At the age of 74, in poor health, and by special licence dated 20 December, 1715, he married young Elizabeth Jackson, who was the mistress of Wycherley's cousin, Thomas Shrimpton, who had collusively and somewhat coercively introduced her to Wycherley.[1] Wycherley was said to have married in order to spite his nephew, the next in succession, knowing that he would shortly die and that the jointure would impoverish the estate.[4] After receiving last rites as an acknowledged Roman Catholic, (which he professed to be in letter to the young Alexander Pope) Wycherley died at his lodging house in Bow Street, London, in the early hours of 1 January, 1716, and was buried in the vault of St. Paul's, Covent Garden, on 5 January.[1]

There was a lawsuit by Wycherley's nephew to overturn the validity of the marriage, but the marriage was upheld on the grounds that Wycherley was sane at the time. Three months after Wycherley's death, Elizabeth Jackson married Thomas Shrimpton.[1]


The language and content of Wycherley's plays led to the restriction of their publication and performance for nearly two centuries, and over most of that time the original versions were replaced with bowdlerised versions, such as an adaptation of The Plain Dealer by Isaac Bickerstaffe and a version of The Country Girl by David Garrick.[citation needed]

The Oxford English Dictionary cites Wycherley as the first user of the phrase "happy-go-lucky", in 1672.

Voltaire was a great admirer of Wycherley's plays and once said of them, "Il semble que les Anglais prennent trop de liberté et que les Françaises n'en prennent pas assez" (It seems that the Englishmen take too much liberty and the Frenchwomen don't take enough).[4]

In 1952, composer Malcolm Arnold and librettist Joe Mandoza turned The Gentleman Dancing Master into a one-act opera called The Dancing Master. It was originally intended as a television opera, but was rejected as "too racy" and had its first fully staged performance in 2015.[9][10]


  1. ^ a b c d e f g h i j k l m Bennett, Kate (2004). "Wycherley, William (bap. 1641, d. 1716)". Oxford Dictionary of National Biography (Online ed.). Oxford University Press. doi:10.1093/ref:odnb/30120. Retrieved 4 August 2015. (Subscription or UK public library membership required.)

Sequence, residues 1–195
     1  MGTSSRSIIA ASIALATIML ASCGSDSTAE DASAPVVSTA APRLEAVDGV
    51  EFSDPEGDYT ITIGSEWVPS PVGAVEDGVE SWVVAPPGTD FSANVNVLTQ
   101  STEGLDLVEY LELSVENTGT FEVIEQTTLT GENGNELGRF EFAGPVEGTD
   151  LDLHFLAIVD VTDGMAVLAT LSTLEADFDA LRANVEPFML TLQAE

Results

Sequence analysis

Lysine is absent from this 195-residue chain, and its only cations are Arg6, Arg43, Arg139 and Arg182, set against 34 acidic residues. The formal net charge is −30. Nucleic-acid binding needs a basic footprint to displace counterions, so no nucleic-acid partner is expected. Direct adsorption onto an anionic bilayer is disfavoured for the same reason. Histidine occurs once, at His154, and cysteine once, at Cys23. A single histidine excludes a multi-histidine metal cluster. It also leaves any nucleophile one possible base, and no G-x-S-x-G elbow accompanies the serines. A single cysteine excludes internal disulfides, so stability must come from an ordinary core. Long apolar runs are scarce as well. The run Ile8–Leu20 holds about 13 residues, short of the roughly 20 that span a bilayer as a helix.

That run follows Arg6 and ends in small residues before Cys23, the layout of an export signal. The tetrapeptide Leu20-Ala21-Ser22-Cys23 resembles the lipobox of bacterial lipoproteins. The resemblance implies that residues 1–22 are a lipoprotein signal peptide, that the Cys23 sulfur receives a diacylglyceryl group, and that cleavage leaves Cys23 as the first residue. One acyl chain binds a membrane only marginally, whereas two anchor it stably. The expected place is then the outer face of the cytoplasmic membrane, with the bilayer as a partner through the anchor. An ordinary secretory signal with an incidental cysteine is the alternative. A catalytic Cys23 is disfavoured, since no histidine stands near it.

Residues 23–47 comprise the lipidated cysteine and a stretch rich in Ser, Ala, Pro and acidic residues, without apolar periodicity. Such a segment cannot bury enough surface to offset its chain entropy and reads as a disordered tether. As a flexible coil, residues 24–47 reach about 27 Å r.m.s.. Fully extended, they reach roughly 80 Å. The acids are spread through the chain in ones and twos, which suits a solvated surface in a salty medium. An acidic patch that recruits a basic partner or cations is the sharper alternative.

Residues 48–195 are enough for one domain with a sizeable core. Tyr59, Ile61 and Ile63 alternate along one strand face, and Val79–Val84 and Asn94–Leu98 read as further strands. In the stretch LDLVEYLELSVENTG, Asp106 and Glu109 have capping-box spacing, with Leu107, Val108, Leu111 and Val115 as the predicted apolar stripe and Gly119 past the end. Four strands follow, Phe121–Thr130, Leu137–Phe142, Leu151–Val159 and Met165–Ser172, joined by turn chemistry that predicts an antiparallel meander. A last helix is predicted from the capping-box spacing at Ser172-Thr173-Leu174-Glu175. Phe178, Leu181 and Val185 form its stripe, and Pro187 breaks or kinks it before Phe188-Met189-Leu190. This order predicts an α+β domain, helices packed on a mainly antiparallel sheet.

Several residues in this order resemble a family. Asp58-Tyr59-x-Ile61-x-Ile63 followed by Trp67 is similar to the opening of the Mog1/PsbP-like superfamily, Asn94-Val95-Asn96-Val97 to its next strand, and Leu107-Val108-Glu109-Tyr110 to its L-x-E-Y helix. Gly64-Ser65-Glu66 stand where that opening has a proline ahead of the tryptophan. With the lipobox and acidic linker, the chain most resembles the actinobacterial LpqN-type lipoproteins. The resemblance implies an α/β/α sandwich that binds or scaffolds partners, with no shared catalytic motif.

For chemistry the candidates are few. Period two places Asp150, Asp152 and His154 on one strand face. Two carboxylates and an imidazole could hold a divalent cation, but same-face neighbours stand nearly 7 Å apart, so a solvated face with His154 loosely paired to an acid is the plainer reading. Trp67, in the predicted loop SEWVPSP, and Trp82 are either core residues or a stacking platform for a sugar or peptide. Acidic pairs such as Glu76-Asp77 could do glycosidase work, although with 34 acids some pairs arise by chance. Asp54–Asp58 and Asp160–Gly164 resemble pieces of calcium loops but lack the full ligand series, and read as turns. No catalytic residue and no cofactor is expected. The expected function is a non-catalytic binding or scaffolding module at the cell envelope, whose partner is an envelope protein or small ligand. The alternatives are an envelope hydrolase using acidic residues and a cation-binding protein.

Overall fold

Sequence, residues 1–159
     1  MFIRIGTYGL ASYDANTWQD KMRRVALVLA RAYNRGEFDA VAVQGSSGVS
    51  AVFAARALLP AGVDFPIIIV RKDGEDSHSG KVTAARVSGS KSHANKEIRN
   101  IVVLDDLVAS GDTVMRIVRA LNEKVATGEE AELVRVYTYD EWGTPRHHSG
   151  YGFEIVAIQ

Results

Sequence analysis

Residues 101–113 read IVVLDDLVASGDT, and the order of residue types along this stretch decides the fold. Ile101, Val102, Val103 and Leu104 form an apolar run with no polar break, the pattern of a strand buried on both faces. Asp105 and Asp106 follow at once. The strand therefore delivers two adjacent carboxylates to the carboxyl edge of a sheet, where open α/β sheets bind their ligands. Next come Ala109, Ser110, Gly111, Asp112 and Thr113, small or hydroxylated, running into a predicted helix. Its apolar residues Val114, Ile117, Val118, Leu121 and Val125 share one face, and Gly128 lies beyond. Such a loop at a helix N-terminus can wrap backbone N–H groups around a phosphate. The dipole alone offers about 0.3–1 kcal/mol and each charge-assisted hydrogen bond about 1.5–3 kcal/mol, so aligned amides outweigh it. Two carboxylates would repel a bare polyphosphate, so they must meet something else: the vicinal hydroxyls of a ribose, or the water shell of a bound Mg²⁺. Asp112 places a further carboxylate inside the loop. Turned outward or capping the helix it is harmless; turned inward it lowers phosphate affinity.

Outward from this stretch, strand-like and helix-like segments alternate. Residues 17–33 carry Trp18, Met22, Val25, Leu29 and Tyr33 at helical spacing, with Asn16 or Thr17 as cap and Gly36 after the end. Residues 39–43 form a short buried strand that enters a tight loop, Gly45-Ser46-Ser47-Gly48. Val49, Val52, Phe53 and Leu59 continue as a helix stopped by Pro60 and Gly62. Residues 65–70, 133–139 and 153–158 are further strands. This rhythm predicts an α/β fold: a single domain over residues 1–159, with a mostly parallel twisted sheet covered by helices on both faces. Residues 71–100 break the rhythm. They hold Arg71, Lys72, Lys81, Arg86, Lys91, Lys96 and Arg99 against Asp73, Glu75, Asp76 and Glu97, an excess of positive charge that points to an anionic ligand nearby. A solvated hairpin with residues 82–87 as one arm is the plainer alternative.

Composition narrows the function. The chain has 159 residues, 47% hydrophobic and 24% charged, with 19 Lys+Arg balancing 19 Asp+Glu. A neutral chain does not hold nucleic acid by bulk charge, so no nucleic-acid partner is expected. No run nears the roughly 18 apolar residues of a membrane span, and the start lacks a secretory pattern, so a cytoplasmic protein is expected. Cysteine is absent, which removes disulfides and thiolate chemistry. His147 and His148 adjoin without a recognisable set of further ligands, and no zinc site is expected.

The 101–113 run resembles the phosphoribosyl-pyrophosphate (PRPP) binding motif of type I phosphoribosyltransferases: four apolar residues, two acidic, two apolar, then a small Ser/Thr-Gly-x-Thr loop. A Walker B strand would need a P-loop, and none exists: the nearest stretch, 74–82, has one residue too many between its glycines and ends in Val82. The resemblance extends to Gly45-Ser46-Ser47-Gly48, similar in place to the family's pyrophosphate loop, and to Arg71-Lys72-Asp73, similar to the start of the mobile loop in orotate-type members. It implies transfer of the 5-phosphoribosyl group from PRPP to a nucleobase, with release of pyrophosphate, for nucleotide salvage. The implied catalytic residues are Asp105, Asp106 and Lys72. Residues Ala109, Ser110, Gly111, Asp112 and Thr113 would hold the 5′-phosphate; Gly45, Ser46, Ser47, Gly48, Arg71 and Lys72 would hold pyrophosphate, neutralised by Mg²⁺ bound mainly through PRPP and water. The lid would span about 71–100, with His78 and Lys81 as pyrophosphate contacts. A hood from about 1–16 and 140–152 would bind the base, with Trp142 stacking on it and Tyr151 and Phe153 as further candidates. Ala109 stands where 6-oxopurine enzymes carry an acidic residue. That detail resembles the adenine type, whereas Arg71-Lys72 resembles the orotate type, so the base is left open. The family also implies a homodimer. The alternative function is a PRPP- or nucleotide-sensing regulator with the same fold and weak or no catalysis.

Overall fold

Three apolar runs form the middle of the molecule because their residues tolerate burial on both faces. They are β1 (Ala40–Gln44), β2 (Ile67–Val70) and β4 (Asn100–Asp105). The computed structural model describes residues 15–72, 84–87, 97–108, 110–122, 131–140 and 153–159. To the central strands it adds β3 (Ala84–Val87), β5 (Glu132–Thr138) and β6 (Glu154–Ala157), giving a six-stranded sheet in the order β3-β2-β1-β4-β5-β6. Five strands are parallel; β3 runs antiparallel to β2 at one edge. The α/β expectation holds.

2. ^ a b Dickins, Gordon (1987). An Illustrated Literary Guide to Shropshire. Shropshire Libraries, Shrewsbury. pp. 42, 117. ISBN 0-903802-37-6.
  3. ^ a b Cust, Lionel Henry (1892). "Ireland, John (d.1808)" . In Lee, Sidney (ed.). Dictionary of National Biography. Vol. 29. London: Smith, Elder & Co. Article on John Ireland the writer. Public Domain This article incorporates text from this source, which is in the public domain.
  4. ^ a b c d e f g h i Watts-Dunton, Theodore (1911). "Wycherley, William" . Encyclopædia Britannica. Vol. 28 (11th ed.). pp. 863–866.
  5. ^ a b Corman, Brian (2013). The Broad View anthology of restoration and eighteenth century comedy : edited by Brian Corman. Broadview Press. ISBN 9781460402719.
  6. ^ Richardson Pack, Memoirs of Mr. Wycherley's Life (1728), 8; quoted by Ogden, 4.
  7. ^ Shaw, Thomas B. (1867). A Complete Manual of English Literature. New York: Sheldon & Company.
  8. ^ An Illustrated Literary Guide to Shropshire, p.85.
  9. ^ Arnold, Malcolm. The Dancing Master, op 34. Resonus CD 10269 (2020)
  10. ^ Seymour, Claire (6 March 2015). "Double bill at Guildhall". Opera Today. Retrieved 6 May 2024.


External links[edit]